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Direct lending coming to Norway


Direct lending has so far been largely absent in the Norwegian market due to regulatory constraints. However, the regulatory landscape is about to change which will present new possibilities for non-bank lending.

Direct lending is the provision of bilateral loans directly from lenders other than banks to corporate borrowers. In the Norwegian market, debt financing is typically a choice between the traditional bank market or the issuance of bonds. Over the last decade however, bank lending has become more difficult to obtain for many companies within industries such as shipping and offshore due to, e.g., capital requirements within the banks, ESG considerations, and limited risk ­appetite within the banks for certain shipping and offshore asset classes. Moreover, bond issuances are not always the right solution for issuers, depending on all aspects of investor demand and sophisti­cation of the issuer. As a consequence – and as an alternative – direct lending from specialised funds has grown rapidly as a source of ­lending, and according to Preqin and Fidelity, assets under management have increased from approximately EUR 40 billion in 2014 to EUR 250 billion in 2022 in the EU alone.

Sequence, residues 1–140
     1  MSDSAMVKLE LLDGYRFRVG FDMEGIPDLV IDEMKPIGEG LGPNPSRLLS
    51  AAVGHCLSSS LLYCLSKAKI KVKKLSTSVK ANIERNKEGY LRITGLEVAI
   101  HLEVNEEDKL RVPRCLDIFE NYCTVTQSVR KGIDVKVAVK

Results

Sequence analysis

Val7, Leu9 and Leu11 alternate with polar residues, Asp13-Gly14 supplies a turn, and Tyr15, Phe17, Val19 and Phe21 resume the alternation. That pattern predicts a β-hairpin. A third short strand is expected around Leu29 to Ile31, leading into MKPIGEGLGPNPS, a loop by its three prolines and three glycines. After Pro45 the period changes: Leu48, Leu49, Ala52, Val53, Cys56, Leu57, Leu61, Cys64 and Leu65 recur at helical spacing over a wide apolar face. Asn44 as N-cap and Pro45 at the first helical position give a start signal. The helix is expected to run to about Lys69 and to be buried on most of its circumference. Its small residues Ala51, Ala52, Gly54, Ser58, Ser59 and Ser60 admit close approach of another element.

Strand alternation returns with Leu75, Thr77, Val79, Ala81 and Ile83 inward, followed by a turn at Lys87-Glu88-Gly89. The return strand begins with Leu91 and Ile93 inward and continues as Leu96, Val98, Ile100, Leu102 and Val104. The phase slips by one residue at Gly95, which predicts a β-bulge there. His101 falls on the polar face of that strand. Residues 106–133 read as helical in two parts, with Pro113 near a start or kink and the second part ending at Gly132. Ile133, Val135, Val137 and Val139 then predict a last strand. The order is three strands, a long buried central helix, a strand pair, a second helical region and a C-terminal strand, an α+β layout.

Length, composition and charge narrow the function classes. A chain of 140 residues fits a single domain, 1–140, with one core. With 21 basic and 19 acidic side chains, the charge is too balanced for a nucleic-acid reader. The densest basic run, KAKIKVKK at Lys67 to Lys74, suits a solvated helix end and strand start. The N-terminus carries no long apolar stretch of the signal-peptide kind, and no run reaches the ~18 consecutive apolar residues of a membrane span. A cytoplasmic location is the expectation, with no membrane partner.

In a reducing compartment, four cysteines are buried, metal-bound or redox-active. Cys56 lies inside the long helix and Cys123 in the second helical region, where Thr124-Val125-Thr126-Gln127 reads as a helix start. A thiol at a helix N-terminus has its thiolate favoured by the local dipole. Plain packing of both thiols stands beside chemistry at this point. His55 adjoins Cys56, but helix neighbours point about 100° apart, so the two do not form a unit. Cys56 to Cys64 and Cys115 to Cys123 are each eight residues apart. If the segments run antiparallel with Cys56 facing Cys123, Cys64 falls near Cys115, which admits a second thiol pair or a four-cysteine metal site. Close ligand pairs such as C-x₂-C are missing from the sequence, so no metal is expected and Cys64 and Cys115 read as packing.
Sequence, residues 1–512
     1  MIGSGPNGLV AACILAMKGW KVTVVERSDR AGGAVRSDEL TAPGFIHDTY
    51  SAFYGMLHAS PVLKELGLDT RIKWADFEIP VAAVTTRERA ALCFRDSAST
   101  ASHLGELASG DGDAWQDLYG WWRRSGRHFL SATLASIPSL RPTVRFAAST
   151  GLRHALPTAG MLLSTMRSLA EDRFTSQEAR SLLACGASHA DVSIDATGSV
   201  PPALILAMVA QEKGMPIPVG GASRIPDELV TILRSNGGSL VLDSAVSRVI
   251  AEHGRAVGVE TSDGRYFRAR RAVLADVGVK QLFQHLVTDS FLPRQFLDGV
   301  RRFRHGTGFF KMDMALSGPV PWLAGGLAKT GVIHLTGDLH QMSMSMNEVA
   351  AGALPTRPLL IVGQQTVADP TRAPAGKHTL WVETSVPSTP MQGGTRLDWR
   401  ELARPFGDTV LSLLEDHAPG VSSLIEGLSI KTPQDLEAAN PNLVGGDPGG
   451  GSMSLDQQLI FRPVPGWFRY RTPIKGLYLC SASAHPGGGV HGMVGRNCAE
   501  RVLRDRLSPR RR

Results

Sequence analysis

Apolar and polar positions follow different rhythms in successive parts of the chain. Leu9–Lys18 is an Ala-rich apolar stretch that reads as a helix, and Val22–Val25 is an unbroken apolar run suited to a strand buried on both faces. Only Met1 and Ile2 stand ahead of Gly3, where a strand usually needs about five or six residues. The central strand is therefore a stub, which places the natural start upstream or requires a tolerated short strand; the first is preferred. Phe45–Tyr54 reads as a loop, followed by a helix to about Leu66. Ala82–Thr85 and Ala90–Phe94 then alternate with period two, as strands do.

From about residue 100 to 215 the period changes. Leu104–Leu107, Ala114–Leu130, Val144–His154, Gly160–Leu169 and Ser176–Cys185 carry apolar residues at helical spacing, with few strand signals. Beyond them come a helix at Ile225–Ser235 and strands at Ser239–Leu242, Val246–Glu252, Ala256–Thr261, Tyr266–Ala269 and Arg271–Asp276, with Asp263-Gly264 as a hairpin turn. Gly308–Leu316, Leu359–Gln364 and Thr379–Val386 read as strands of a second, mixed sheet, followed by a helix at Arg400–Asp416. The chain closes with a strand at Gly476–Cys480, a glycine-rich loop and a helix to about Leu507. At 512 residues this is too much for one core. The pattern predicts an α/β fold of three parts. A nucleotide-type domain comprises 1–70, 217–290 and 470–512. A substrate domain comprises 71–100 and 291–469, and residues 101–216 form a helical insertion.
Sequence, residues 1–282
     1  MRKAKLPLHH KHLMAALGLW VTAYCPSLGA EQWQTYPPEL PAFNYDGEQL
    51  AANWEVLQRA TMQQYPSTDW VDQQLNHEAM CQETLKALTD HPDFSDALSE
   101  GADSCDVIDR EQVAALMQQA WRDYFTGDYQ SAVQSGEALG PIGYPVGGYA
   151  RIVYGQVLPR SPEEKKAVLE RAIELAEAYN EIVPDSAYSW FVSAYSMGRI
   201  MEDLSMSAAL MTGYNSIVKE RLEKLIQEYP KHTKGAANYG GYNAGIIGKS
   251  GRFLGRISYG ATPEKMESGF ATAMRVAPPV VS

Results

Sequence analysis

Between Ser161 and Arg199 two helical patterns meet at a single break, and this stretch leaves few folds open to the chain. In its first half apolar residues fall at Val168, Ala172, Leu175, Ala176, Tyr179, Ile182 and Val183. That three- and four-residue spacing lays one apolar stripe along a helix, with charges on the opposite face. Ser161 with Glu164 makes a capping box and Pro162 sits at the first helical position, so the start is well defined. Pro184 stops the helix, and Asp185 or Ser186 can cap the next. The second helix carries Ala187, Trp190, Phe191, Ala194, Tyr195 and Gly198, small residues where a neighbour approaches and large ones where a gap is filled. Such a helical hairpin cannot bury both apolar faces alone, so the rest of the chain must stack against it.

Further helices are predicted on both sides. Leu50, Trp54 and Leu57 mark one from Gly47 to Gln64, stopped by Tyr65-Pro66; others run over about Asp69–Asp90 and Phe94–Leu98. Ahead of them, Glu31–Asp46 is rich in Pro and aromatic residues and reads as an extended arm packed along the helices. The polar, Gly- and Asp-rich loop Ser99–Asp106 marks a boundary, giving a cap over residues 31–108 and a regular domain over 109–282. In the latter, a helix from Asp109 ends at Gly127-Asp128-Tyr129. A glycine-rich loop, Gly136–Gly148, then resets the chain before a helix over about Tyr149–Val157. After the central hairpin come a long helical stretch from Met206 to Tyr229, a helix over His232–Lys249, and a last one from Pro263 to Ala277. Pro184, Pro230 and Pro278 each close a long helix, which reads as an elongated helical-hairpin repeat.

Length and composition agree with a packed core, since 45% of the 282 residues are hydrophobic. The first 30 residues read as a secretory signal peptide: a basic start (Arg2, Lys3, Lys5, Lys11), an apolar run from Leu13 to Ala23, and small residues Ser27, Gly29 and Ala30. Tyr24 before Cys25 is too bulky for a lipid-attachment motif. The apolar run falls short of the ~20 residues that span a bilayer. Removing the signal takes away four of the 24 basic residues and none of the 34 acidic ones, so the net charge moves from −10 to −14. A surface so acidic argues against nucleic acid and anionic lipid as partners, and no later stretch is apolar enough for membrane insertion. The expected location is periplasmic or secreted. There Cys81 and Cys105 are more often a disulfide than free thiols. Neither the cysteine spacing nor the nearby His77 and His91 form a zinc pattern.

The Norwegian banking monopoly

Whilst alternative investment funds are able to offer credit to borrowers in most European jurisdictions, Norway stands out as having one of the most restrictive credit regimes in Europe. Pursuant to the Norwegian Financial Institutions Act of 2015, so-called “financing activities” are subject to the lender having a licence as either a bank, a credit mortgage institution, or a financing company. To obtain such a licence, substantial regulatory requirements apply (mostly in relation to capital requirements and banking resolution rules). These requirements create high entrance barriers for providing credit in Norway, and are in effect barring direct lending funds from operating in Norway, unless they can rely on the exemptions the Act provides. In this respect, Norway stands out also compared to our Scandinavian neighbours; in Denmark, offering credit to non-retail borrowers based on own balance sheet does not require a licence, and in Sweden, a simple registration procedure is sufficient.